PSALM backtracks on Transco sale

The Philippines’ Power Sector Assets and Liabilities Management Corp. (PSALM) announced in October that it had decided to end the negotiated bidding process for the sale of the country’s high voltage power transmission network. The sale of the National Transmission Corp. (Transco) will now be carried out by a public bidding process.

The move has angered the Filipino-Thai consortium which had offered the highest bid of $3.4bn to operate Transco under a 25-year concession. The consortium, led by Thailand’s Electricity Generating Authority (EGAT), criticised the Philippines’ government for a lack of transparency in failing to notify them of the sudden change in plans.

Three other consortia had also submitted bids to run the concession.

Hitachi orders captive plants

Japan’s Hitachi Zosen Corp. has placed an order with Finland’s Wärtsilä for 20 gas engine generation units for a series of power plants that it is constructing across Japan. The engines will mostly be used in captive industrial locations, and will help Hitachi Zosen’s industrial customers to lower their energy costs.

All of the power plants will be built around Wärtsilä’s 18V34SG engine operating on natural gas. The electrical outputs of the 6 MW power plants will vary from location to location as some will be installed in 50 Hz areas and others in 60 Hz areas.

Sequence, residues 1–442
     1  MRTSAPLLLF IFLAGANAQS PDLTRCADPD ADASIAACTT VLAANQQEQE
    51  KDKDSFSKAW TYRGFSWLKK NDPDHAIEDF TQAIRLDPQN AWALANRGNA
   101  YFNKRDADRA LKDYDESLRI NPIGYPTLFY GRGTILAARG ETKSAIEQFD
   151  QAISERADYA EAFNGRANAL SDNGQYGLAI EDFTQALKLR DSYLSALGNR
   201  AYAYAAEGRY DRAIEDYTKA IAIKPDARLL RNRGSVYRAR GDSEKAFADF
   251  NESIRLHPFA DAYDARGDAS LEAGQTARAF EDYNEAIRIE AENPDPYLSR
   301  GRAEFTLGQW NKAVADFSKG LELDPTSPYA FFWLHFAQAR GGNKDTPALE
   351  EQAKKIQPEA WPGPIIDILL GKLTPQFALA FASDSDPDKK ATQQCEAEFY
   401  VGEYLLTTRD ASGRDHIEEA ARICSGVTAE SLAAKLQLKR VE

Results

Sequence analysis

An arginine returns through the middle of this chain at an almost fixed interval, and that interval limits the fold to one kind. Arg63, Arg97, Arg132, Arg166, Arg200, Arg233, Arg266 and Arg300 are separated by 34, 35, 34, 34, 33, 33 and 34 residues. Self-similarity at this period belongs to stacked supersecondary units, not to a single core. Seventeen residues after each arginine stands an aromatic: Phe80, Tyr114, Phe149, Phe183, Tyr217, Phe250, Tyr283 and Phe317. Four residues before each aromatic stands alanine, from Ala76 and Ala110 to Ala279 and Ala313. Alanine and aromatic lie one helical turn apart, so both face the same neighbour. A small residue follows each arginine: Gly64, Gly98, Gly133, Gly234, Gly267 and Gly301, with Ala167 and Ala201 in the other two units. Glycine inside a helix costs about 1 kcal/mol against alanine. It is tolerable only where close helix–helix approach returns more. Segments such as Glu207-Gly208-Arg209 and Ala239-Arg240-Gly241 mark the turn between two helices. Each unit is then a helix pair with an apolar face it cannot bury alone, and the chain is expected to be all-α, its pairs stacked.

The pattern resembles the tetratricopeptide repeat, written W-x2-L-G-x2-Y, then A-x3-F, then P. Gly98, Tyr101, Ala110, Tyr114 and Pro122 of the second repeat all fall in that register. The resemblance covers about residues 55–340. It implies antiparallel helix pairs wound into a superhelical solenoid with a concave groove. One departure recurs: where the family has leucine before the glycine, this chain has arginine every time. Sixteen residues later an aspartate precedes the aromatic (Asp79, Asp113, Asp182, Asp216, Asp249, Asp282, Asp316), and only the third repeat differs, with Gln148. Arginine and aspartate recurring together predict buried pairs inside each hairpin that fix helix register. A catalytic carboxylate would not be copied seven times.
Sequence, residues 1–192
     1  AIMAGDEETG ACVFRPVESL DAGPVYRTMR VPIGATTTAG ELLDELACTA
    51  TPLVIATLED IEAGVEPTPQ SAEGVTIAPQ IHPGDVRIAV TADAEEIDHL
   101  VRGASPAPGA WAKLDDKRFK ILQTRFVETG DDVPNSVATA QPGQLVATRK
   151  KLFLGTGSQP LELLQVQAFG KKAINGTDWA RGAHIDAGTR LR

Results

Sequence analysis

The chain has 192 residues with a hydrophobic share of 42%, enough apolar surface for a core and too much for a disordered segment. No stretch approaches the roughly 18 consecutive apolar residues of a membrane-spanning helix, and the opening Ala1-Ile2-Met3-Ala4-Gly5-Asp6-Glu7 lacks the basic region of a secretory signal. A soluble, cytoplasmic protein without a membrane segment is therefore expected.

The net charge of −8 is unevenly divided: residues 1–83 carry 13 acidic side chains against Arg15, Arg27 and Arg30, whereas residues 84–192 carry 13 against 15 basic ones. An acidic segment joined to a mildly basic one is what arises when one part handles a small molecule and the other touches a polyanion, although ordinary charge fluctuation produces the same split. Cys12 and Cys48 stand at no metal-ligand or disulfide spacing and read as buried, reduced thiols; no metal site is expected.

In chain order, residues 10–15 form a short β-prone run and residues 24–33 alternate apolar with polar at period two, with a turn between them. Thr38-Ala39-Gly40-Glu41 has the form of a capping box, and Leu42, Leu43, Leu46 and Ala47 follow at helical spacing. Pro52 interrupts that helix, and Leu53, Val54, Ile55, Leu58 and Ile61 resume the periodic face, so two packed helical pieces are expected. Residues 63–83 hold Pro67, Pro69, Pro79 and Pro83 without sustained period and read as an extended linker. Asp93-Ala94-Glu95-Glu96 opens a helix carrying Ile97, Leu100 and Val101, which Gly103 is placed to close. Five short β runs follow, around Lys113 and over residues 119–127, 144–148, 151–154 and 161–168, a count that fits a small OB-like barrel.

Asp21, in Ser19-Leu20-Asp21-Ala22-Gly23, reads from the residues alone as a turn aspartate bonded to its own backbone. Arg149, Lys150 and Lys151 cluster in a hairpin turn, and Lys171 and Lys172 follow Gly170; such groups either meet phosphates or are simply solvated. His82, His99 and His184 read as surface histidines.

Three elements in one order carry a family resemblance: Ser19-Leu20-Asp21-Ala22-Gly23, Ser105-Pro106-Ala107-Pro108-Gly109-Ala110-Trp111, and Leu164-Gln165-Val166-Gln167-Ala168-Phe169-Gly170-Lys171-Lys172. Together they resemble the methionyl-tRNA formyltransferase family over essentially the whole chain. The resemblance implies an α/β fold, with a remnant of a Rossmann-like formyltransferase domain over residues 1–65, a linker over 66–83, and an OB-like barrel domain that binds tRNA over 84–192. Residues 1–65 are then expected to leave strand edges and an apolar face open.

Most of the power plants are for industrial captive power applications and will generate heat and electricity.

Solar tower taken to China

SolarMission Technologies has secured investment from China that will allow it to develop solar tower power stations in China. Under an agreement executed with Sunshine Energy (Aust) Pty. Ltd., SolarMission has been granted the technology rights to build, own, operate and maintain solar towers in China.

Sunshine Energy has taken a five per cent stake in SolarMission. The two companies will form a joint venture to develop solar tower technology in China.

SolarMission is a 25 per cent stakeholder in Australia’s EnviroMission, the company that has pioneered the development of the technology and is in the process of developing the first solar tower power station in Australia. The technology harnesses solar energy to create a source of hot air that drives turbines to generate electricity.

China pumped storage order

Alstom has signed four contracts with a combined value of g357m ($451m) to provide power generating equipment for three pumped storage projects in China and transfer the related technology.

Under the contracts, Alstom will design, manufacture, transport and supervise the building and commissioning of sixteen 306 MW reversible pump-turbine/motor-generator units, auxiliaries, electrical balance of plant and control systems in Guangdong, Hubei and Henan provinces.

Shanghai orders first wind farms

The Shanghai Wind Power Company, a subsidiary of Shanghai Power Industrial & Commercial Co., has placed an order with GE Energy for the supply of 14 wind turbines for the first two utility-scale wind projects to be built in Shanghai, China.

With a total combined capacity of 21 MW, the Chongming Wind Facility and the Nahui Wind Facility are expected to be complete by the first quarter of 2005. Both projects will use GE’s 1.5 MW turbine units.

The projects support the country’s national initiative to have 20 GW of new renewable energy on-line by 2020, as well as the Shanghai municipal government’s goal to promote the development of renewable energy in the region.